These 3 Former Hotspots Are Seeing COVID Cases Climb Again
COVID numbers in these earlier epicenters are heading in the wrong direction for the first time in weeks.
After months of terrifying increases and awful outbreaks, the second half of the summer saw coronavirus cases finally begin to drop in the Sun Belt states. But now that fall is here, it appears that the stream of good luck may have ended: According to the most recent figures, many of the summer's hotspots are seeing COVID cases surge again.
"A couple of weeks ago, as we went into Labor Day, we were talking about exactly this—and our worry that coming out of Labor Day, as we've seen after Memorial Day and July Fourth, we'd see an increase," Ashish Jha, MD, dean of the Brown University School of Public Health, told CNN. Now, those forecasts have brought states that were previously struggling back into a place they likely never wanted to be again. Read on to find out which states are back to fighting rising COVID cases. And for more on places that are giving top medical experts cause for concern, check out These Are the 11 States With "Deeply Concerning" COVID Numbers.
Things are beginning to look gloomy again in the Sunshine State. Last week saw a jump in the average number of new daily cases, spiking from 11.6 per 100,000 people on Sept. 14 to 13.1 just seven days later, according to Covid Act Now.
Local health experts attribute the spike to college campuses that have welcomed back an influx of students, reporting that young adults aged 15 to 24 are responsible for at least 22 percent of the new cases. Still, state officials are moving to begin reopening businesses in some of the hardest-hit counties. And for more on the types of businesses that could create a coronavirus outbreak, check out Dr. Fauci Says These 3 Places Must Close to Avoid More COVID Surges.
Just a few short months ago, California was seeing coronavirus spread so quickly that it became one of the epicenters of the pandemic. It's seen more overall cases than any other state in the U.S. with over 787,000 in total. Luckily, cases began to steadily drop throughout August after Gov. Gavin Newsom closed down bars, gyms, and indoor dining for the second time.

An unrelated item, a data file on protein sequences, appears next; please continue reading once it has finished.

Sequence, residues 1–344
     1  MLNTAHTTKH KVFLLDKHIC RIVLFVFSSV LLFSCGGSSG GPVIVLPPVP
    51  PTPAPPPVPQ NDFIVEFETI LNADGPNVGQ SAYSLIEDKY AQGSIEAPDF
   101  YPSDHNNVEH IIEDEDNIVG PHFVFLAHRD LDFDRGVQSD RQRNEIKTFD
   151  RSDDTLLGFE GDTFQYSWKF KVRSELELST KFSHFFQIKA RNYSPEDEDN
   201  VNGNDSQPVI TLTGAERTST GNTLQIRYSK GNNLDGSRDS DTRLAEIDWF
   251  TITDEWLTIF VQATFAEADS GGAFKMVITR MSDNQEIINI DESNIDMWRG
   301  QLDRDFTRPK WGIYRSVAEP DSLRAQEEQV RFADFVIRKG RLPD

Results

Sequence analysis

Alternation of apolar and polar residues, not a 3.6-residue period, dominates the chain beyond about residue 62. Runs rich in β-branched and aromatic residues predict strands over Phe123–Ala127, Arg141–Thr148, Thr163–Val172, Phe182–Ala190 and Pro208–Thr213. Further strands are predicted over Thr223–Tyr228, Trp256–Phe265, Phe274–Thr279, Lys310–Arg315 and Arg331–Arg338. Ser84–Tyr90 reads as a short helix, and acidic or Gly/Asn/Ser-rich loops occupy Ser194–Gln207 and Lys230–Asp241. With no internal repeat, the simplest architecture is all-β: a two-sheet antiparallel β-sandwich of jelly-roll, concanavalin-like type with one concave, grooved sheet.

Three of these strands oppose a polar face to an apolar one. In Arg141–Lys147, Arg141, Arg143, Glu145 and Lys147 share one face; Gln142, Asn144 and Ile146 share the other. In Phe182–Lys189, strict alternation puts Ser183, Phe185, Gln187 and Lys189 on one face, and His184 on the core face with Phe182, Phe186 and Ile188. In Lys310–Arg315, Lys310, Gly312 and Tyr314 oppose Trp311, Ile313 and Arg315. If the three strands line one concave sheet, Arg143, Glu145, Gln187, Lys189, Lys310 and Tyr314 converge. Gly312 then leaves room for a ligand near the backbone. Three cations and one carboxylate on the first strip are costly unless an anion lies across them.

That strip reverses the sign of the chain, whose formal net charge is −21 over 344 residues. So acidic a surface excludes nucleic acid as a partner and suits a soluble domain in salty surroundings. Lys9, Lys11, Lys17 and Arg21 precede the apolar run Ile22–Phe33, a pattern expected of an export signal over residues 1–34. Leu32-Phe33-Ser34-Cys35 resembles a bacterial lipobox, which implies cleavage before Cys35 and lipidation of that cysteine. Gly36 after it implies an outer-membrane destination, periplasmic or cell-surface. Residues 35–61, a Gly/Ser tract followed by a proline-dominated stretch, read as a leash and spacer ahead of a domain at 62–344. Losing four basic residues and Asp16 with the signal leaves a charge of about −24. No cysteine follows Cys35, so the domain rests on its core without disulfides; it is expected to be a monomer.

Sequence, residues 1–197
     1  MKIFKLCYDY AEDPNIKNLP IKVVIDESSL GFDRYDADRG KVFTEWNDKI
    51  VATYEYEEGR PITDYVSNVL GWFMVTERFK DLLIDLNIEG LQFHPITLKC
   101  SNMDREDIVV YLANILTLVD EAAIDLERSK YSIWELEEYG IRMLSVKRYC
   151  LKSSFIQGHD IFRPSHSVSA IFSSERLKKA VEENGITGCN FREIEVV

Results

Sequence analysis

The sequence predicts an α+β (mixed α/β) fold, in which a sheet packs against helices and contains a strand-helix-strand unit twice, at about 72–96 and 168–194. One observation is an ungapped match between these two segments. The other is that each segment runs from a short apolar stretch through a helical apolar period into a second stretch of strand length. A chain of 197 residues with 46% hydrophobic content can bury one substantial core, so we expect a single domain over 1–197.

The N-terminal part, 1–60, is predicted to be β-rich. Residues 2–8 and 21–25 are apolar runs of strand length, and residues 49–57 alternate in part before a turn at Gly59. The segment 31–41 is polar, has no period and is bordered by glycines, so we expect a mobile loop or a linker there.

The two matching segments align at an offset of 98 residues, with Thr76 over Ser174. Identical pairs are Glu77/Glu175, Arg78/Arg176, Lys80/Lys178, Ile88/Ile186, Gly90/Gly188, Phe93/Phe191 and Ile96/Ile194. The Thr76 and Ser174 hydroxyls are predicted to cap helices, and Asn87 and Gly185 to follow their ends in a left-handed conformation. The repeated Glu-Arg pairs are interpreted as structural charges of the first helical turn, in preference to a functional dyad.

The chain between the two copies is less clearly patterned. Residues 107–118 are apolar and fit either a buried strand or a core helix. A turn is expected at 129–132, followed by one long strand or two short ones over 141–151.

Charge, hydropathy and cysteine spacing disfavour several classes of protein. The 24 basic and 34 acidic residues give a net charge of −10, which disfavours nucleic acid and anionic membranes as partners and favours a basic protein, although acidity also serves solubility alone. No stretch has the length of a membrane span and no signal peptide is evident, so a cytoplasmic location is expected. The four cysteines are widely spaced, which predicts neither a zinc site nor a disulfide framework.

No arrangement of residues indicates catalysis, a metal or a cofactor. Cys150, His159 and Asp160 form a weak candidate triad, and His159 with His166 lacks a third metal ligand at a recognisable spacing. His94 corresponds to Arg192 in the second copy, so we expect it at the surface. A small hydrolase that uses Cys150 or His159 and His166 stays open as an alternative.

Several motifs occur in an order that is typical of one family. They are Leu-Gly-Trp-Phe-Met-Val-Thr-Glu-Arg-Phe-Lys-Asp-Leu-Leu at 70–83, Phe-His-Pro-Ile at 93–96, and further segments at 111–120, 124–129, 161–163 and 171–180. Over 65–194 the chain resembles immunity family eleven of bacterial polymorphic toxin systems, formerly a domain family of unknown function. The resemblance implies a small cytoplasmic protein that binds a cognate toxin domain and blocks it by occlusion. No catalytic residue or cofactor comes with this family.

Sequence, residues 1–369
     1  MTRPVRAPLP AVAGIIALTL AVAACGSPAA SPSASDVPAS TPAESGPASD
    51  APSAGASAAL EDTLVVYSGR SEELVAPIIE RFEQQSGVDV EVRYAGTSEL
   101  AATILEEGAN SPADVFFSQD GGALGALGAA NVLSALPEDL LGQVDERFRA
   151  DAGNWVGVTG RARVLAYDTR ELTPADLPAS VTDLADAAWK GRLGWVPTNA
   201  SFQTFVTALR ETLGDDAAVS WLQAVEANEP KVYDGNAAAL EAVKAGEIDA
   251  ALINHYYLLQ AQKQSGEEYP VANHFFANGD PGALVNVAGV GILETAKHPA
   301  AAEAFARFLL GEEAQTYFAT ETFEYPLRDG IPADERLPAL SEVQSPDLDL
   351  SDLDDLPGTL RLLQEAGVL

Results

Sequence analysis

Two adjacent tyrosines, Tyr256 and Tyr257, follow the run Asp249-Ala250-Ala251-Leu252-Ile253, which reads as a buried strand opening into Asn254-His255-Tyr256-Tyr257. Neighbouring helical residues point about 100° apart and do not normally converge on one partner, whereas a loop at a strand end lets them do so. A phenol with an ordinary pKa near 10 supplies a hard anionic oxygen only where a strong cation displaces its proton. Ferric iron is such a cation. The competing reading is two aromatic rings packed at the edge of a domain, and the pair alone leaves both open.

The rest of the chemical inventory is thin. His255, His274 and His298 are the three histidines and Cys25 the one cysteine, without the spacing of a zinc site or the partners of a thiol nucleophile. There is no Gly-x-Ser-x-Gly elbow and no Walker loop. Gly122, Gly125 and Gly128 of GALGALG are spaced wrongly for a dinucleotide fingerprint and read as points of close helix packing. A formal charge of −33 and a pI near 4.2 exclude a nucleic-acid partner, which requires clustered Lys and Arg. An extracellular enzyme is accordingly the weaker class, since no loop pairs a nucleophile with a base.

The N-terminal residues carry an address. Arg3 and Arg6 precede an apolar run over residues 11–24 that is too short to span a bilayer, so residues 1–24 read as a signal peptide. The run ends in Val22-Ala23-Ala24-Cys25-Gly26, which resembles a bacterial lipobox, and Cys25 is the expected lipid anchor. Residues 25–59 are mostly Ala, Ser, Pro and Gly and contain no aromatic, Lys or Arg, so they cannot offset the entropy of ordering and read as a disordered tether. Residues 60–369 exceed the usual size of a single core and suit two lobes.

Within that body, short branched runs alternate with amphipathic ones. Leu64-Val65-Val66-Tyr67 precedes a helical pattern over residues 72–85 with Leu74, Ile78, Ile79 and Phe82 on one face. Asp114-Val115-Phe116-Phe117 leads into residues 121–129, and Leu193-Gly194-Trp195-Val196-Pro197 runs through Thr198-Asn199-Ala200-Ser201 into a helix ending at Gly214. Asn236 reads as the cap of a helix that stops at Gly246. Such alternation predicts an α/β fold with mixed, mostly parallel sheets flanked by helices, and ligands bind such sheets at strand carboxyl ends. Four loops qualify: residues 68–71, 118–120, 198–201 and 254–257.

But cases have begun to tick back up in the Golden State, from 8.4 daily new cases per 100,000 on Sept. 13 to 8.9 on Sept. 20, Covid Act Now reports. Numbers are especially jumping in Los Angeles County—potentially due to Labor Day gatherings, experts say.
The Lone Star State has come a long way since June, when COVID cases there were spiking at an alarming rate. But even with safety measures still in place such as keeping bars closed, Texas is seeing coronavirus climb anew: The state's recent numbers show that there was an average of 4,646 new cases per day, which is an increase of 13 percent from two weeks earlier, according to The New York Times. And for more on areas struggling with coronavirus, check out These 4 States Just Had Their Biggest COVID Spikes of the Whole Pandemic.
And what about Arizona?
Throughout the summer, Arizona joined Florida, California, and Texas as the worst COVID hotspots in the U.S. But Arizona saw a massive change late in the summer—with Anthony Fauci, MD, going so far as to commend the state in early August for using social distancing and mask mandates to get the numbers in check.
However, things have changed slightly: After nearly two months of decreasing cases, Arizona has begun to see cases rise once again, reporting a 61 percent increase in their two-week daily new case average. Luckily, according to Covid Act Now, the positive test rate in the state remains only moderately bad at 6.3 percent with an infection rate of 1.05, meaning the virus is still spreading, but not particularly quickly. And for more on COVID, sign up for our daily newsletter.